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Wednesday, July 08, 2020

Treaty obligations catch up with UK Government

There was a time when UK Prime Ministers could go along to summits, sign the joint declaration and then spend the rest of their tenure paying lip service to the obligations they had taken upon themselves on behalf of the country. Those halycon days appear to be behind us, and thank goodness for that.

As the Guardian reports, the turning point appears to have been the Heathrow case earlier this year, in which the government’s go-ahead for a third runway was deemed unlawful by judges as it failed to take into account the UK’s obligations under the 2015 Paris agreement. Campaigners are now arguing that this ruling sets a precedent that forces ministers to assess the impact of their Covid-19 stimulus plans on the climate crisis.

On Tuesday, a letter threatening court action was sent to the prime minister and the chancellor, Rishi Sunak, by the pressure group Plan B, which successfully pursued the Heathrow case. They are arguing that Boris Johnson’s much-vaunted green recovery plans are inadequate and “clearly unlawful” as they do not match up to the government’s legal obligations under the Paris climate agreement and the UK’s own net zero emissions target.

Sunak will set out £3bn of green spending, focusing on improving energy efficiency in homes and public buildings, in his summer statement today, but the letter contrasts this sum with the billions committed to airlines and carmakers in the taxpayer-funded coronavirus recovery package, and funding for fossil fuels'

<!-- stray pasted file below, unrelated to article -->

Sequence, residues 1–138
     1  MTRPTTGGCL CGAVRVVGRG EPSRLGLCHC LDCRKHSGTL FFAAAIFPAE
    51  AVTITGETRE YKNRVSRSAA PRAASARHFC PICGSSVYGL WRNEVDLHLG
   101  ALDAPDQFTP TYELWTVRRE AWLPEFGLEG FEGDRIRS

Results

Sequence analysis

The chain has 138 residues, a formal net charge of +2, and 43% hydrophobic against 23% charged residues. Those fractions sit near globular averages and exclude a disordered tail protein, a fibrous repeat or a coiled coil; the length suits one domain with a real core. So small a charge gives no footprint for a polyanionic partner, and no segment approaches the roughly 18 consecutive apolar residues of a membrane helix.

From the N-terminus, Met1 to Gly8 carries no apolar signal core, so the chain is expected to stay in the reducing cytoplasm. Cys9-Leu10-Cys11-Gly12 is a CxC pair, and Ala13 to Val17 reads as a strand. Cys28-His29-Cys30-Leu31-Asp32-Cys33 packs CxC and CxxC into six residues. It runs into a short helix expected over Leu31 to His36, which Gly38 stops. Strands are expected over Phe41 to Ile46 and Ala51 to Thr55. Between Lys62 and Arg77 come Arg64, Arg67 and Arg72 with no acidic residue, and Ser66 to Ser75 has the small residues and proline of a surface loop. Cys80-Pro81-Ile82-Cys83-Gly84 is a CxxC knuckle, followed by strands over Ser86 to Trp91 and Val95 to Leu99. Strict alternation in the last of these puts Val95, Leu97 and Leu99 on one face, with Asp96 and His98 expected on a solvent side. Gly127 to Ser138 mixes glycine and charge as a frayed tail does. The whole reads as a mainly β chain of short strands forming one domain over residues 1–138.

If there is no response by 17 July, the campaigners will take the next step, which is to send a “pre-action protocol letter”, which would oblige the government to respond within 21 days.

The paper says that legal action is also threatened against the Bank of England, alleging that the governor, Andrew Bailey, appeared to have changed his mind on how to combine responses to the Covid-19 crisis and the climate emergency:

In a statement on 1 July he said: “The Bank’s lending to companies as part of the emergency response to Covid-19 has not incorporated a test based on climate considerations. That was deliberate, because in such a grave emergency affecting this country we have focused on the immediate priority of supporting jobs and livelihoods.”

Plan B said this showed he had been overruled by ministers. Tim Crosland, its director, said: “It feels like his judgment has been overridden. Corporate lobbyists are getting the better of the scientific and economic advice. This is a disaster.”

Politicians being forced to match their words with actions? These court cases will be worth following.
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